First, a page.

New mayor shakes up Sharpsburg board

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SHARPSBURG — A show of force and a statement of faith marked Mayor Robert L. Williams’ first day in office Tuesday.

Moments after being sworn in, Williams moved to strip Commissioner Randy Collie of police oversight duties and install Commissioner David Pride as mayor pro tempore, sidelining Commissioner Becky Humphrey from the role. He then announced a prayer vigil to take place at the meeting’s conclusion.

“Commissioner Randy Collie, in moving forward, I have decided the police department needs to move forward in a different direction,” Williams said. “Chief (John) Hunt, I give you complete control of your police department.”

Collie has served as police commissioner, overseeing the department and making recommendations on law enforcement matters to the full Sharpsburg Board of Commissioners.

Williams directed Town Administrator Blake Proctor to notify him of “any important incidents that may occur within the town government of Sharpsburg” and told Humphrey that he “had decided to appoint Commissioner Pride as my mayor pro tem.”

It was unclear late Tuesday whether either change is subject to a board vote. Proctor said after the meeting that town ordinances do not specify how the mayor pro tem is selected, noting the board has traditionally given the job to the commissioner receiving the highest number of votes in the town’s at-large election.

Town Attorney Brian Pridgen declined to comment when asked if Williams’ bids to shake up the board were binding.

During his brief remarks, Williams said a prayer vigil outside Town Hall would follow the meeting.

“Prayer is much needed within this community to bring it back together,” he said.

Williams defeated former mayor Randy Weaver by seven votes in a May 8 special election. Less than an hour after the polls closed, Sharpsburg police stopped Williams’ car and officers arrested him on charges of drunken driving, having a concealed weapon and resisting, delaying or obstructing officers.

The mayor’s pastor, the Rev. Thomas L. Walker of Ebenezer Baptist Church in Rocky Mount, said Williams “came before the church and asked for forgiveness,” which the congregation extended.

“We don’t condone it,” said Walker, who led the post-meeting prayer vigil, “but we don’t condemn him either.”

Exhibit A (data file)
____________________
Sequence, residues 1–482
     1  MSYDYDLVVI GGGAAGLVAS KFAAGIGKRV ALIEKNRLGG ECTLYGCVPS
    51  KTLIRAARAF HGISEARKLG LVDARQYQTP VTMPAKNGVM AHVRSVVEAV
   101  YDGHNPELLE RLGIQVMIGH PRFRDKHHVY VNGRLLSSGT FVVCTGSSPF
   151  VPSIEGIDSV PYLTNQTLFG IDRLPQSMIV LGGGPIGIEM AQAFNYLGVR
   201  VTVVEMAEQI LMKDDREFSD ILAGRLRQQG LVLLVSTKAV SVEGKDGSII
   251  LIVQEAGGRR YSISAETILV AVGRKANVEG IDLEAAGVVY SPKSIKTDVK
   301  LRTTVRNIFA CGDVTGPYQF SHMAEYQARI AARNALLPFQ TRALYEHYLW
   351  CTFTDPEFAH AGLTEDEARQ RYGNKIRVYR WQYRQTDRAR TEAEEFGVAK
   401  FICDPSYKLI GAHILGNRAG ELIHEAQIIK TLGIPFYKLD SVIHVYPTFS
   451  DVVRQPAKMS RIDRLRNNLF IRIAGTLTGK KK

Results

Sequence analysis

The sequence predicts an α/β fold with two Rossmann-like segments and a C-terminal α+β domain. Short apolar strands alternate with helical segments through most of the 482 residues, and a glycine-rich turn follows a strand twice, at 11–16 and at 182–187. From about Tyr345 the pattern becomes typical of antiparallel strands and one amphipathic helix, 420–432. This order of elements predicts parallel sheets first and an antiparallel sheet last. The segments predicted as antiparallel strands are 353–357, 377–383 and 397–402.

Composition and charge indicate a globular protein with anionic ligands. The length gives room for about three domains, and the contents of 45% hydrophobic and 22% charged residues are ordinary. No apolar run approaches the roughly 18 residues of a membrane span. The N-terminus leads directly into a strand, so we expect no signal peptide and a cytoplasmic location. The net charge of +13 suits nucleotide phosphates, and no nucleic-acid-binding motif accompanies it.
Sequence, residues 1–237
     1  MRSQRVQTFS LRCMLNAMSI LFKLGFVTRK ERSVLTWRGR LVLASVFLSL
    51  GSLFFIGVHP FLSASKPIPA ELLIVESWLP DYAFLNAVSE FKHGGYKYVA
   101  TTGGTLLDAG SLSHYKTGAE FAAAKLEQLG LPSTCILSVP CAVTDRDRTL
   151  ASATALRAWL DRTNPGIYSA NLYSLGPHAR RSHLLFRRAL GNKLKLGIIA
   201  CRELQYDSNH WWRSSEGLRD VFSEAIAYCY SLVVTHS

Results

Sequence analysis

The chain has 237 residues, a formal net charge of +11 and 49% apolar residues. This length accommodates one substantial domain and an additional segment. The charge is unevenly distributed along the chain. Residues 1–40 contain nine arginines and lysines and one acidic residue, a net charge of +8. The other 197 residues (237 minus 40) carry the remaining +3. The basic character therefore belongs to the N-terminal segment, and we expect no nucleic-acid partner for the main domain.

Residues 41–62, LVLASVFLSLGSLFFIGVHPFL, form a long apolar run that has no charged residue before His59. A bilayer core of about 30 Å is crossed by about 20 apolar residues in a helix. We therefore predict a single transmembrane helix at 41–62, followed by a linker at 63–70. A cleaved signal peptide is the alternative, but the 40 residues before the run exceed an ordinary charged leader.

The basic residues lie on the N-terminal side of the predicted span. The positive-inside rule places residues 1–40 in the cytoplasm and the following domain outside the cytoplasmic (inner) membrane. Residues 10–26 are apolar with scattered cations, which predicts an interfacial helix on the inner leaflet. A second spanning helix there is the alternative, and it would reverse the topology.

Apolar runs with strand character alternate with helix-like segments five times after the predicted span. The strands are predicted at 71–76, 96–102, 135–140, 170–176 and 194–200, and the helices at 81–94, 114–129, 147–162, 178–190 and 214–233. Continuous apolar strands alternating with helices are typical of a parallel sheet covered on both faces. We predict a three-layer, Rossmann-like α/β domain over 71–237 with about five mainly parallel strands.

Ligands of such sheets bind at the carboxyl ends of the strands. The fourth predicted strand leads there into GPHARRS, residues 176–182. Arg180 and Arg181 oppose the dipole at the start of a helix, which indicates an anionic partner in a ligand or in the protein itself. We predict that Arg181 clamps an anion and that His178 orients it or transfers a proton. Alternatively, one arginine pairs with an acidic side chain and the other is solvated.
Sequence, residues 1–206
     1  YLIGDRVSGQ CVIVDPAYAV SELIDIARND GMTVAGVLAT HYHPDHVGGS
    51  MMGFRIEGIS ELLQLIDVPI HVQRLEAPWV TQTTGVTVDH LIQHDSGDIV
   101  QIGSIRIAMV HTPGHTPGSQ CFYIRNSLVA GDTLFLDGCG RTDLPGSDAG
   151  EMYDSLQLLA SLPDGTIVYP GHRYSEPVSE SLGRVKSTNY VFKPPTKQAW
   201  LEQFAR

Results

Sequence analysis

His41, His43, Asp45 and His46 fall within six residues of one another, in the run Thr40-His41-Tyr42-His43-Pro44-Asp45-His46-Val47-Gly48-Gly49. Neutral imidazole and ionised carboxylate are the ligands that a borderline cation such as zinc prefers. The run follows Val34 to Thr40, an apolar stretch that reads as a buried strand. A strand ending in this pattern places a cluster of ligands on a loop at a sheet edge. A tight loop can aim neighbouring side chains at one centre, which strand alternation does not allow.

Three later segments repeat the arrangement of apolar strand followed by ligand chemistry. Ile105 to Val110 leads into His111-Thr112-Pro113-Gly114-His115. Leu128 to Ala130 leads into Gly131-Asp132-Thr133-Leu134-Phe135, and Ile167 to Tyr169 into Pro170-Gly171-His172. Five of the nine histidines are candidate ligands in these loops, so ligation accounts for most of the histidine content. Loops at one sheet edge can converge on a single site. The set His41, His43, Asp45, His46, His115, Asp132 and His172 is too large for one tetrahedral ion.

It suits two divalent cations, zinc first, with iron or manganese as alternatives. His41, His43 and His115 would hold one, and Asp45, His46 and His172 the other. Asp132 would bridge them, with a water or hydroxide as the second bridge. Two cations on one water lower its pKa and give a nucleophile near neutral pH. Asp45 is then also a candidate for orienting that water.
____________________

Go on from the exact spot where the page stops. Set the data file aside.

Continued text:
Williams referred questions about criminal charges stemming from the traffic stop to his attorney and walked away from a television reporter who quizzed him about it after the prayer.

The new mayor’s supporters turned out for Tuesday’s meeting, packing the commissioners’ chambers and giving him enthusiastic applause and a standing ovation after his swearing-in. Williams thanked members of the Alpha Kappa Alpha sorority and Alpha Phi Alpha fraternity for their backing. He wore an Alpha Phi Alpha pin on his suit.

Sharpsburg resident Bernie Walker said he gave Williams his vote to affect change.

“I voted for him because a lot of things that need to get done in this town do not get done,” he said. “It’s not a black and white issue. It’s not a ‘this side of the railroad track vs. that side of the track’ issue. We just wanted some fresh people in there so we could possibly get some fresh ideas through. Right now we feel like we’re not heard at all.”

Barbara Etheridge left the town meeting and prayer vigil feeling hopeful.

“We need some change,” she said. “It gives us hope that some changes are going to be made in Sharpsburg, from the utility department down to the police department.”

Patricia Batts said Williams set a positive tone by beginning his term with a public prayer. Despite the Election Day arrest, she wants residents to give their new mayor a chance to serve effectively.

“Just because someone holds office, we have to realize that they are human, too,” she said. “They are human beings. They make mistakes. Nobody’s perfect. That’s the thing that we have to look at now.”

Walker said he believes Williams can have a positive influence on the town by serving as the residents’ voice.

“Everybody makes mistakes, but we don’t just crush a person because they made a mistake,” he said. “We try to pick them up, we move forward and we see what kind of direction we can get this community going in.”